Caffeine does provide us with that extra energy we need in the morning, but overconsumption of caffeine can cause withdrawal symptoms. According to the Mayo Clinic, a healthy adult can safely consume 400 milligrams of caffeine daily. Caffeine, on one hand, lowers the risk of dementia and Alzheimer’s and cuts suicide risk by almost 45%. Yet, on the other hand, consumption of caffeine can cause serve acid reflux, heartburn, increased urination, irregular heartbeat, and a long list of other undesirable effects. Caffeine also interferes with absorption and metabolism of calcium which can result in thin bones and muscle aches. It is very important to read the labels and monitor the intake of caffeine. (source)
5. Why do we lose our baby teeth?
Getting rid of baby teeth is not funny at all. But, in the long run, the baby teeth must go. We all know that shortly after babies are born, they begin to acquire baby teeth. These teeth emerge on average at six months. The baby teeth help the baby with their dental structure, biting and chewing, the pronunciation of words and speaking, and overall face structure. However, baby teeth can’t sustain them in adulthood. As the baby grows, the jawbones grow demanding a set of larger teeth. The baby teeth pave the way for the permanent teeth.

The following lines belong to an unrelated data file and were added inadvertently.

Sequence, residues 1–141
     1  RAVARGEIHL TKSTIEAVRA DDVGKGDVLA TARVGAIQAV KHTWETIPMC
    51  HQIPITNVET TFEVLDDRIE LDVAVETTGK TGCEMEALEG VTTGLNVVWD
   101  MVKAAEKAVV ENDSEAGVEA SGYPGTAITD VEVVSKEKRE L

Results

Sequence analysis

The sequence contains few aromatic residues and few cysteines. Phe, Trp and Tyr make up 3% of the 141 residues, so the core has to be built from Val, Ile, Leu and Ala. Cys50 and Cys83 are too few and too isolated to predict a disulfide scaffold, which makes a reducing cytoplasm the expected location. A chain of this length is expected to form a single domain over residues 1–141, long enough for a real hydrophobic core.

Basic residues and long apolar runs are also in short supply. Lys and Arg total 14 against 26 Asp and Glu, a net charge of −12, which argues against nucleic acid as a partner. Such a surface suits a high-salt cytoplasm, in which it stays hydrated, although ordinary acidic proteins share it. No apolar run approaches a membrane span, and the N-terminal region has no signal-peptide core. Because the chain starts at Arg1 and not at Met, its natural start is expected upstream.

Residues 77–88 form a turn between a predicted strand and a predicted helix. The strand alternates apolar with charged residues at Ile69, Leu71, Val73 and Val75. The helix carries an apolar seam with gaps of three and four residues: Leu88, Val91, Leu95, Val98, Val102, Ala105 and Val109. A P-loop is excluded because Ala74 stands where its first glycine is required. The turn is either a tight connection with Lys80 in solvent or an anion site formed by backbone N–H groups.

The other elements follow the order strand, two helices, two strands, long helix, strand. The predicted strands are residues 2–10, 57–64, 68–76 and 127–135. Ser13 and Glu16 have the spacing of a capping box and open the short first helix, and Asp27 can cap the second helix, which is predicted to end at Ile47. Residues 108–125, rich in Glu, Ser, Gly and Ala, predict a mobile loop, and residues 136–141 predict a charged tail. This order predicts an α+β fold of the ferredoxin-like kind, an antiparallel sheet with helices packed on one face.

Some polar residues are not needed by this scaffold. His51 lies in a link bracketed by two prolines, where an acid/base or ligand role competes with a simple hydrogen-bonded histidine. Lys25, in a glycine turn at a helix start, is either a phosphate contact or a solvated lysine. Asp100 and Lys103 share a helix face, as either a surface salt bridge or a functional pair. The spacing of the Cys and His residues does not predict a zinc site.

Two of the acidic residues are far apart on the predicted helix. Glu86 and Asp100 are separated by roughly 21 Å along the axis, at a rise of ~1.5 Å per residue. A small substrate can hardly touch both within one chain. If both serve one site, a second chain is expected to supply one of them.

At around ages five and six, the permanent teeth start pushing at the roots of the baby teeth, making them loose. The loose teeth will fall after a certain period. The little blood you see when the baby teeth fall is caused by the bleeding of the gums that were holding the teeth. Humans lose all the first 20 teeth, also called ‘milk teeth,’ and gain a total of 32 permanent teeth. However, some people retain their baby teeth for life and never get permanent teeth. This condition is known as a “congenital” issue. (1, 2)
6. Why do you blink when there is a sudden loud noise close by?
Given the delicate nature and usefulness of eyes to both humans and animals, the brain acts spontaneously to make sure that the eye protects itself. Often, a loud sound is associated with danger, so when the door bangs, eyes blink in an attempt to protect the eye from any dust or particles. The condition is known as the “acoustic startle-reflex eye blink.” Eye blinking when you hear a loud noise or intense light happens fast without having a second thought about blinking.